I am reminded of an amusing collective cringe at the libraries and linked
data  workshop at the British Library, when one of the software engineers
expressed puzzlement over the inclusion of punctuation in the data fields.

(MARC21 followed USMARC rather than the more semantic UKMARC approach.
Wounds were still a bit raw. )

José-Marie Griffiths told me that  USMARC was originally seen as sort of
text markup language, which explains some of the historical divergence.

Also, too many programmers have to understand raw "marc", because too much
code produces broken records, and there are too many opportunities for
catalogers to introduce secret characters unintentionally (e.g. cut and
paste that copies a field terminator into the middle of a field).  Still
not as common as punctuation errors though.

On Feb 5, 2013 7:37 AM, "Heuvelmann, Reinhold" <[log in to unmask]> wrote:

> Well, John had me blushing here -- I very much appreciate the level of
> agreement  :-)
> My mantra regarding the punctuation issue, the mark up and content
> designation (which for me is intertwined with granularity in ISBD and MARC)
> is:
> You may be interested in the Final Report of the "PCC ISBD and MARC Task
> Group" which was chaired by Robert Bremer (OCLC), announced at [1] and
> available at [2].
> It contains a list of MARC field numbers where terminal periods may be
> omitted without any loss of specificity [Appendix A]; detailed discussions
> of fields where there is too little granularity [Appendix B], summarized in
> [Appendix C]; and a list of fields which require no punctuation and coding
> changes [Appendix D].  If any, a close look at the whole record examples in
> [Appendix E] may give a picture of the intention.
> [1]
> http:[log in to unmask]
> [2] [Word
> document, 78 pages, 132 kb in size)
> Best wishes
> Reinhold
> --
> Reinhold Heuvelmann
> German National Library
> IT / Office for Data Formats
> Adickesallee 1
> D-60322 Frankfurt am Main
> Germany
> Telephone: +49-69-1525-1709
> Telefax: +49-69-1525-1799
> mailto:[log in to unmask]
> *** Reading. Listening. Understanding. German National Library ***
> -----Ursprüngliche Nachricht-----
> Von: Bibliographic Framework Transition Initiative Forum [mailto:
> [log in to unmask]] Im Auftrag von Myers, John F.
> Gesendet: Donnerstag, 31. Januar 2013 17:34
> An: [log in to unmask]
> Betreff: Re: [BIBFRAME] Punctuation
> I was strongly reminded during the BibFrame Forum at ALA MidWinter, in a
> presentation on the Deutsche Nationalbibliothek's experience with BibFrame,
> that MARC was designed as a COMMUNICATION format.  In the U.S., we have
> since leveraged it as a storage format and cataloging interface, to our
> current dismay.  Not so for our German colleagues, who use MARC strictly as
> it was intended, for communication, and have separately developed systems
> for the other functions.  As we continue to run afoul of assumptions about
> how BibFrame does or does not meet the functionality of MARC, I can't help
> but feel that our German peers have taken the more productive road, one
> that has preserved the intellectual integrity of MARC.
> Very, very few people understand a 'raw' MARC record, even experienced
> catalogers -- not the prettified displays we see in OCLC or our ILS, but
> the gnarly string of digits and characters.  Catalogers and users should no
> more need to see or understand raw BibFrame data either.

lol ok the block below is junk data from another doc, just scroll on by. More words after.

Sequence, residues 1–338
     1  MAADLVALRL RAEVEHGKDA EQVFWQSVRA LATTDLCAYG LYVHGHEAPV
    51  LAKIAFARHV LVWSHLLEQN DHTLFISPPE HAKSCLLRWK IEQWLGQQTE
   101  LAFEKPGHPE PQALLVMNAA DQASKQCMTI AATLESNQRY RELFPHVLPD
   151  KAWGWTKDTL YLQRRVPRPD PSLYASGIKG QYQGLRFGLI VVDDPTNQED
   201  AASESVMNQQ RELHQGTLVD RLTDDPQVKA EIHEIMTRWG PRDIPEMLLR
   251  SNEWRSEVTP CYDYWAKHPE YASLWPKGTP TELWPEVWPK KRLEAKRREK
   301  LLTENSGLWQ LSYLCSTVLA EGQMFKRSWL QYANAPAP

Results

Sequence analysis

> For all that ISBD punctuation is the grand-daddy of data mark up, and
> elegant in its conciseness (and for all that it pains me to see a catalog
> record, MARC or otherwise, that lacks it), the point remains that it is
> mark up.  We now have much more effective mechanisms to mark up and parse
> data -- we should use them.   It is counter-productive to have mark up mean
> different things depending on where it occurs -- a colon in field 245 (aka
> ISBD Title and statement of responsibility area) means "other title
> information," where in field 260 (aka, ISBD publication statement area)
> means "publisher," etc.  We can mark up these things explicitly using XML
> or other means.  If we subsequently desire to display them with language
> appropriate labels, that can be done; if we want to compile the data into
> an ISBD display, that too can be done.
> Whatever the eventual COMMUNICATION format is that emerges from the
> BibFrame development process, it should focus on accurately conveying both
> data and its nature.  It should support the eventual presentation of data
> in mechanisms that similarly convey the data and its nature, but it does
> NOT need to provide that display in and of itself.  Just as the letters I
> type here are translated first into ones and zeros and then back into the
> letter forms corresponding to what I typed, so too should the new
> communication format and its interfaces convert entry by a cataloger into
> something useable by the computer  and then back into something
> comprehensible to another human being.
> John F. Myers, Catalog Librarian
> Schaffer Library, Union College
> Schenectady NY 12308
> [log in to unmask]
> 518-388-6623
> -----Original Message-----
>  J. McRee Elrod wrote:
> Quoting Nate Trail:
> >If it's in a MARC record, there's no need to guess, because the
> >subfields are already parsed parts. Title proper is 245$a, subtitle is
> 245$b, etc.
> Mac replies:
> Most patrons never see the MARC record.  I'm talking about the OPAC
> display.
> I know of no OPAC which displays the subfield codes.  A few allow patrons
> to click "MARC", but I've never seen anyone but a cataloguer do that.
> While if viewed, the MARC subfield codes parse parts,  only a tiny
> minority of people would be able to read with understanding a Bibframe html
> marked up record.  They are dependent on the display based on that record.
>  That display needs punctuation.  Punctuation is more likely to be
> consistent from system to system if in the record.